I am delighted to announce that Two Rivers Press are launching a new First Collection Series to provide an opportunity for emerging poets to see their work published in print. First up: The Beholder by Kate Behrens.
Taking on unpublished authors is a risk for any publisher, and a series suggests a series cover – always a good way to economise. The challenge was to create a series design that had a Two Rivers look and feel, but also reflected some aspect of the poets’ work.
I am lucky then to have at my disposal literally hundreds of rubber stamp illustrations created by Two Rivers founder Peter Hay. Pete, who died in 2003, was a multi-talented and prolific artist and enthusiast for all things Reading. His rubber stamp images, cut into ordinary erasers he used to buy in bulk from WH Smith, adorn many of the early Two Rivers classics such as Where Two Rivers Meet, A Much-Maligned Town, and a powerfully illustrated edition of Oscar Wilde’s Ballad of Reading Gaol. What better way to return to the true Two Rivers style!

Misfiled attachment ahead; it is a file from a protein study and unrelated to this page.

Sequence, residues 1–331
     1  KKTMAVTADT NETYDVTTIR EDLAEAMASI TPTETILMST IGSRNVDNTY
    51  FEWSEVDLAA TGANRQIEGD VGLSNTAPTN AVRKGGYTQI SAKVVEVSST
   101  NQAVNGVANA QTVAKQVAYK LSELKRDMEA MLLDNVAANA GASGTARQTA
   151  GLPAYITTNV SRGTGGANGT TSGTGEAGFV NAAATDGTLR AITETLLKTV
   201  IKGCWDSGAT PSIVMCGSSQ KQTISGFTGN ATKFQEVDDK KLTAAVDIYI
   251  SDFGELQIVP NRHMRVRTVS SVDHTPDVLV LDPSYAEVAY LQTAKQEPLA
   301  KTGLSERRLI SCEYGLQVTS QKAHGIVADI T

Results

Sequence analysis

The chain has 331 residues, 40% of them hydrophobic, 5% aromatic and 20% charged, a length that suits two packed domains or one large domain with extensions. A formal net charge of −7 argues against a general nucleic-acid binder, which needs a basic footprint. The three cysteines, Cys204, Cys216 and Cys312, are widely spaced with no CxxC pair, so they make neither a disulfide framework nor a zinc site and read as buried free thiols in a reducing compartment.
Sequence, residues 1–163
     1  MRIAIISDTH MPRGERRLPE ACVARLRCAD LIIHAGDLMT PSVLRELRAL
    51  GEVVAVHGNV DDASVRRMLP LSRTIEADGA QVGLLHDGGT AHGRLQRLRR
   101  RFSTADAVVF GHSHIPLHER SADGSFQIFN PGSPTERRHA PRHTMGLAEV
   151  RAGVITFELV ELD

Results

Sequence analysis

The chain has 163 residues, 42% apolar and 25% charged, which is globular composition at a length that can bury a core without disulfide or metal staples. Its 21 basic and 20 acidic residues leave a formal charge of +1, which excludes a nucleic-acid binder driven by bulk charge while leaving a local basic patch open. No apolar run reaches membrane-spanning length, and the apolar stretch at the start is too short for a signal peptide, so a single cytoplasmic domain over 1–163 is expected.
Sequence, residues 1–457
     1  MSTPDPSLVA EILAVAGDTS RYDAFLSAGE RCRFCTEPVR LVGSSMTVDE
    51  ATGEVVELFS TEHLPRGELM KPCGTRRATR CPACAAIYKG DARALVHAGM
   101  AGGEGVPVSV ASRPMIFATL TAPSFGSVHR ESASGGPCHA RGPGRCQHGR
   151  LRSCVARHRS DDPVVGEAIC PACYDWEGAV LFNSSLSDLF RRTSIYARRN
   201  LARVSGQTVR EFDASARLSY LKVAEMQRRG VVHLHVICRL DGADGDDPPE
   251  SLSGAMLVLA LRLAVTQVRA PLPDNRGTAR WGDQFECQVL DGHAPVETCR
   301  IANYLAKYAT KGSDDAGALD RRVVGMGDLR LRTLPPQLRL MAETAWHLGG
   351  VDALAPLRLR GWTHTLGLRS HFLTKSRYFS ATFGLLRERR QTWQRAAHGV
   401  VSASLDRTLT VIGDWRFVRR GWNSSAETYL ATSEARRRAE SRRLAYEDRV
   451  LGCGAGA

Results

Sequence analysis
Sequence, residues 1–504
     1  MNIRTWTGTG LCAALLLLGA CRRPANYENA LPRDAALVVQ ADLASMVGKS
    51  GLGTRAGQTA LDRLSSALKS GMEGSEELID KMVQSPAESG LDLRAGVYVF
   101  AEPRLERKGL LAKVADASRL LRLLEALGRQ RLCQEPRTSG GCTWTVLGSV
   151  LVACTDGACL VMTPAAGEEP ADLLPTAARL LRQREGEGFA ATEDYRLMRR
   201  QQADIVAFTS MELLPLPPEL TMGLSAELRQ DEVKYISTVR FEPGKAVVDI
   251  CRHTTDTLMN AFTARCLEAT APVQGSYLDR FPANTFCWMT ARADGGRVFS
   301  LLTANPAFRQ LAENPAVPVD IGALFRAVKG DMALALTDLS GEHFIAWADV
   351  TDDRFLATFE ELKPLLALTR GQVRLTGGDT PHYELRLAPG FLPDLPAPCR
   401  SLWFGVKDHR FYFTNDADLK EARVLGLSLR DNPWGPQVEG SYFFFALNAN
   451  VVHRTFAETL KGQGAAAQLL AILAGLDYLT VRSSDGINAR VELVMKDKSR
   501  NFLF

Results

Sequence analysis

I spent a pleasant morning in bed (a favourite creative space for me) experimenting with a selection of some of the more ‘esoteric’ images and put together a bright, contemporary palette of different colour combinations. The idea is that the colours chosen for each title will echo some element of the poems’ key themes. That should see us through the first few titles – it would be great to revisit the series every year or two and have another chance to play with those wonderful illustrations! Of course, if things go well and the series is a success, Two Rivers may be able to afford more bespoke cover designs, but then those are fun to work on too.
I also designed a template for the text pages using two of my all-time favourite typefaces: Parisine and Janson. Hopefully all the styles I set up will cover at least some of the more experimental typography that modern poets seem so fond of as well as the established conventions for typesetting poetry – we will see.
I’m grateful to students at the design department at the University of Reading who took prints of all the rubber stamps, digitised and catalogued them for Two Rivers Press. I can promise them I’ll make good use of their work.